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Building Moats & Tents: Reinvesting for Success

Marketplace partnershipBlog

Losing Money for Fun & Profit

Amazon, famously, was never profitable – for decades, investors loved the fact that Amazon didn’t turn a profit. What a weird concept. What was Amazon doing to prevent themselves from being profitable?

There’s a long standing joke that if any division of Amazon was ever profitable, Jeff Bezos would fire the director for not spending enough money.

This wasn’t just a trueism, it’s an important part of Amazon’s business strategy – that many companies copy, but few of them succeed at.

So what was Amazon doing with all this money? They were building moats.

What is a Moat?

I want a business with a moat around it with a very valuable castle in the middle. And then I want the duke who’s in charge of that castle to be honest and hard-working and able. And then I want a big moat around the castle. – Warren Buffett

A Moat is a competitive advantage. More specifically, it’s a way that you, through your business practices, have managed to raise the barrier to entry for your competitors.

Take for example 2 day shipping. 2 day shipping is a moat. It’s difficult for any competitor to come along and match it.

By taking the money they earned from AWS and from their ecommerce business, Amazon built a hundreds of warehouses around the country.

Amazon is buying up shopping malls – which are perfectly positioned to fulfill to the suburbs of America. Amazon is building tents to get even closer so they can offer 1 day delivery.

Their investment in real estate across America is massive. The Atlantic estimates that Amazon’s owns 288 million square feet of real estate for its warehouses. That’s 6612 acres or 10.33 square miles – half the size of Manhattan Island.

Anyone trying to compete with Amazon would have to buy the equivalent of half of New York, NY to approach the amount of warehouse real estate Amazon owns.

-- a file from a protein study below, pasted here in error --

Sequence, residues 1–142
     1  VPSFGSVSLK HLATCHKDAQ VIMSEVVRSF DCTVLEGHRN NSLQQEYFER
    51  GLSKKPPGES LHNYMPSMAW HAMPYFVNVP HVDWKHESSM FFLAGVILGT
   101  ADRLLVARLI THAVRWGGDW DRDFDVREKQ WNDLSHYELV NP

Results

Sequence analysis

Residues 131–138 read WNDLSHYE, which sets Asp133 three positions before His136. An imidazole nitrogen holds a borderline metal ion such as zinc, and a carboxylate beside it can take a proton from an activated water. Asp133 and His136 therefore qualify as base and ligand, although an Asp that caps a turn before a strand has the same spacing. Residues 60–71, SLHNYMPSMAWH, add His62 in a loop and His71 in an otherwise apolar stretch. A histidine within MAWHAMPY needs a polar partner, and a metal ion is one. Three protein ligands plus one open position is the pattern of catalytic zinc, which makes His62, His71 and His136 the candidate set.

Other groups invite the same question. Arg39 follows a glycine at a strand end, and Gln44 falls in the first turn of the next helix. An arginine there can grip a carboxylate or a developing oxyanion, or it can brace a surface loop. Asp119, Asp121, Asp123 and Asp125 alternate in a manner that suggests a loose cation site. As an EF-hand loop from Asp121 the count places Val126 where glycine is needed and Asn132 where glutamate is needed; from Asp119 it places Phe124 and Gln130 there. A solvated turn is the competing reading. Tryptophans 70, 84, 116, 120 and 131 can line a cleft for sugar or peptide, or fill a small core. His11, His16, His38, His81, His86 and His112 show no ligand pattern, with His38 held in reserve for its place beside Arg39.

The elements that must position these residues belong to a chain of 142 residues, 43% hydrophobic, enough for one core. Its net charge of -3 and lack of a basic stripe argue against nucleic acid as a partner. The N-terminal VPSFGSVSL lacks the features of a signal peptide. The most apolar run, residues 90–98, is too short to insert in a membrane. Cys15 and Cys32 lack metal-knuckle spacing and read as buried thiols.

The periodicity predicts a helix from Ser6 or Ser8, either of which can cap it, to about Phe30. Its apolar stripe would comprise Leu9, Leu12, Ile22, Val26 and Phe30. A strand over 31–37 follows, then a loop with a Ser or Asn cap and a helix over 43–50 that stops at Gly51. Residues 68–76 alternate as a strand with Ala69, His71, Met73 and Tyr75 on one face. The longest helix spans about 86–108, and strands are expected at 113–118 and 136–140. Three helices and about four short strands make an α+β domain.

Why Build a Moat?

The key to investing is … determining the competitive advantage of any given company and, above all, the durability of that advantage. The products or services that have wide, sustainable moats around them are the ones that deliver rewards to investors. – Warren Buffet

Reinvesting money into your business to grow your business is nothing new. What Amazon specifically did was to invest their money into things that were capital and labor intensive.

A Barrier to Entry is a fixed cost that must be paid by any startup in order to compete with other startups in that space. An example of this is telecommunications – with all of the wire AT&T laid down to connect the phones of the world, it would be very difficult to compete with them. Even Google – who owns “72 million feet” of fiberoptic cable only offers internet in a few cities.

By building this network of warehouses, Amazon has taken something that has a theoretically low barrier to entry (starting an online store) and turned it into something nobody could compete with (an online store with 1 day delivery).

Identifying Your Moats

Moats are things that are hard to do. Building moats isn’t necessarily about being clever, it’s about growing the parts of your business that are hard to grow – because that’s where your competition won’t be able to keep up.

Here are some example moats.

Network Effects—Facebook

The more members you have, the more valuable the network. It would be incredibly difficult to launch a social network the size of Facebook’s. Each person on the platform adds value to the other people on the platform.

Big Data—Google